Philips celebrates 25th anniversary of the compact disc
* World’s first CD manufactured at Philips factory near Hanover, Germany, on August 17, 1982
* Philips and Sony co-developed CD – over 200 billion CDs sold in last 25 years
* CD ushered in shift from analogue to digital in the music industry, spawned new digital technologies, including CD-Rom and DVD
Amsterdam, The Netherlands – Exactly 25 years ago tomorrow, on August 17, 1982, Royal Philips Electronics (NYSE:PHG, AEX:PHI) manufactured the world’s first Compact Disc at a Philips factory in Langenhagen, just outside of Hanover, Germany. The invention of the CD ushered in a technological revolution in the music industry as CDs – with their superior sound quality and scratch free durability – marked the beginning of the shift from analogue to digital music technology. The CD became a catalyst for further innovation in digital entertainment, helping pave the way for the launch of DVD and the current introduction of Blu-ray optical media. Having played a key role in the innovation of digital music, at home and on the move, consumers continue to witness huge advances in entertainment and lifestyle technologies.
The Philips factory in Germany, where the world’s first CD was pressed, belonged to Polygram – the recording company, which Philips owned at the time. The first CD to be manufactured at the plant was “The Visitors” by ABBA. By the time CDs were introduced on the market in November 1982, a catalogue of around 150 titles – mainly classical music – had been produced. The first CDs and CD players – including Philips’ CD100 – were introduced in Japan in November, followed by a US and European market introduction in March of 1983.
Philips and Sony partnered to develop CD – collaboration based on open innovation helped position CD as standard for the music industry
As early as 1979, Philips and Sony set up a joint task force of engineers to design the new digital audio disc. Many decisions were made in the year to follow – such as the disc diameter. The original target storage capacity for a CD was one hour of audio content, and a disc diameter of 115 mm was sufficient for this, however both parties extended the capacity to 74 minutes to accommodate a complete performance of Beethoven’s 9th Symphony. In June 1980, the new standard was proposed by Philips and Sony as the “Red Book” containing all the technical specification for all CD and CD-Rom standards.
Piet Kramer, who at the time was a member of the optical group at Philips that made a significant contribution to the CD technology, commented on Philips’ and Sony’s collaborative work: “When Philips teamed up with Sony to develop the CD, our first target was to win over the world for the CD. We did this by collaborating openly to agree on a new standard. For Philips, this open innovation was a new approach – and it paid off. In the late 70s and early 80s, we never imagined that one day the computing and entertainment industries would also opt for the digital CD for storing the growing volume of data for computer programs and movies.”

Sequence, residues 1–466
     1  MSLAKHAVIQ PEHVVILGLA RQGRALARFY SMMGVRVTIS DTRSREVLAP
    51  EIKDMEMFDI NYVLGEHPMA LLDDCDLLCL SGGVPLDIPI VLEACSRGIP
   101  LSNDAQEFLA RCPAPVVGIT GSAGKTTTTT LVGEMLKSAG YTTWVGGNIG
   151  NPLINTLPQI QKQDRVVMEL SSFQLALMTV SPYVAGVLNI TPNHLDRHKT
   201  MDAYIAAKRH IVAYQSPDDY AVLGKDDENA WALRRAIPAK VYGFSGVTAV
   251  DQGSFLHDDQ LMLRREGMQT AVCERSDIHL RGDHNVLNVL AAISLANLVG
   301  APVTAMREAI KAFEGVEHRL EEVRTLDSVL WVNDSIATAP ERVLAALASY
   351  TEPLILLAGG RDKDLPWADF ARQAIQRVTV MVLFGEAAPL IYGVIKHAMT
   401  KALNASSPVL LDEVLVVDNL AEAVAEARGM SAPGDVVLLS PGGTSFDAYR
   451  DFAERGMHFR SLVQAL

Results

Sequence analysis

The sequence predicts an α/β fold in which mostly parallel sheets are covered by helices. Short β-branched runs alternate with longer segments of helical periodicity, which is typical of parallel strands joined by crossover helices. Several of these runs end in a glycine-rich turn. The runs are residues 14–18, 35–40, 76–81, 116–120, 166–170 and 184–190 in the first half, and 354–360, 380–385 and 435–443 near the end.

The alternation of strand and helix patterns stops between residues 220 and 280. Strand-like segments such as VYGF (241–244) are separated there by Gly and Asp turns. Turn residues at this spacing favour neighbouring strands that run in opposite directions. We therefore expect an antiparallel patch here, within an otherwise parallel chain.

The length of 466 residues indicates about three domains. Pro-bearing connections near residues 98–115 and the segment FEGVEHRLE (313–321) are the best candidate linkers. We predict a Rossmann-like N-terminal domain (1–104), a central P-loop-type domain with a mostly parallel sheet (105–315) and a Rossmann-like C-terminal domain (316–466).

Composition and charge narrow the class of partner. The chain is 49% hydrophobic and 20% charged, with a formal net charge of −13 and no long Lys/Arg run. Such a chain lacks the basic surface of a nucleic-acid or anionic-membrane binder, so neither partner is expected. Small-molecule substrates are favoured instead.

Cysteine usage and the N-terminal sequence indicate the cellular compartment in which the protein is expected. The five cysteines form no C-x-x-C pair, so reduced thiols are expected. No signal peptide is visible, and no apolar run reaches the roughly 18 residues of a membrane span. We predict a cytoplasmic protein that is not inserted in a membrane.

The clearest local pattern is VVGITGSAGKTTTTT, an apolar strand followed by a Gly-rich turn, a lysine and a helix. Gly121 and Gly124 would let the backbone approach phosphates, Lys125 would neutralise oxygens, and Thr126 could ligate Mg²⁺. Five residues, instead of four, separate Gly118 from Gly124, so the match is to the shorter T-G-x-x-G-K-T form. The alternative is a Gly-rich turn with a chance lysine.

In 1985, Philips and Dire Straits team up to promote the Compact Disc
As music industry sales of CDs started to take off in 1983, more than 1000 different titles were on the market. In 1985, one of the most famous bands in the world, Dire Straits, adopted the CD. The infamous album “Brothers in Arms”, as one of the first fully digital recording (DDD) to be brought to market, went on to become the top selling CD at the time, and the third greatest selling CD of the decade. The joint collaboration with Philips entailed Philips and Dire Straits jointly promoting the sound quality of the CD to consumers, making “Brothers in Arms” the first album to sell over one million copies in this new format, marking the success of the CD as the emerging format of choice for music quality.
“The Compact Disc has proven its significance in bringing the highest quality of music to consumers who wish to enjoy scratch free music. The enormous success of the CD over the last twenty-five years has opened many new opportunities for consumers to make the most of their music at home and on the move,” said Lucas Covers, Senior Vice President & Chief Marketing Officer, Philips Consumer Electronics. “It has played a pivotal role in the shift from analogue music to digital, not least for the DVD as well in music, though moreover in helping lay the foundation for even new technologies such as Blu-ray quality today,” he added.
Over 200 billion CDs have been sold worldwide over the past 25 years
The Compact Disc, is the forefather of today’s extensive family of optical discs for a wide range of applications such as CD-Rom, CD-R and CD-RW, DVD, DVD R, DVD RW and Blu-ray. Philips estimates that over the past 25 years, since the first CD was pressed at the Philips factory near Hanover, Germany, over 200 billion CDs have been sold worldwide. Even though a single CD is only 1.2 mm thick, if all CDs ever produced were piled up, the stack of CDs would circle the earth six times. The compact disc, as well as the DVD disc, remain a very popular music/ video carrier, because of their digital quality, portability, and resilience to damage, and remain a very popular gift.
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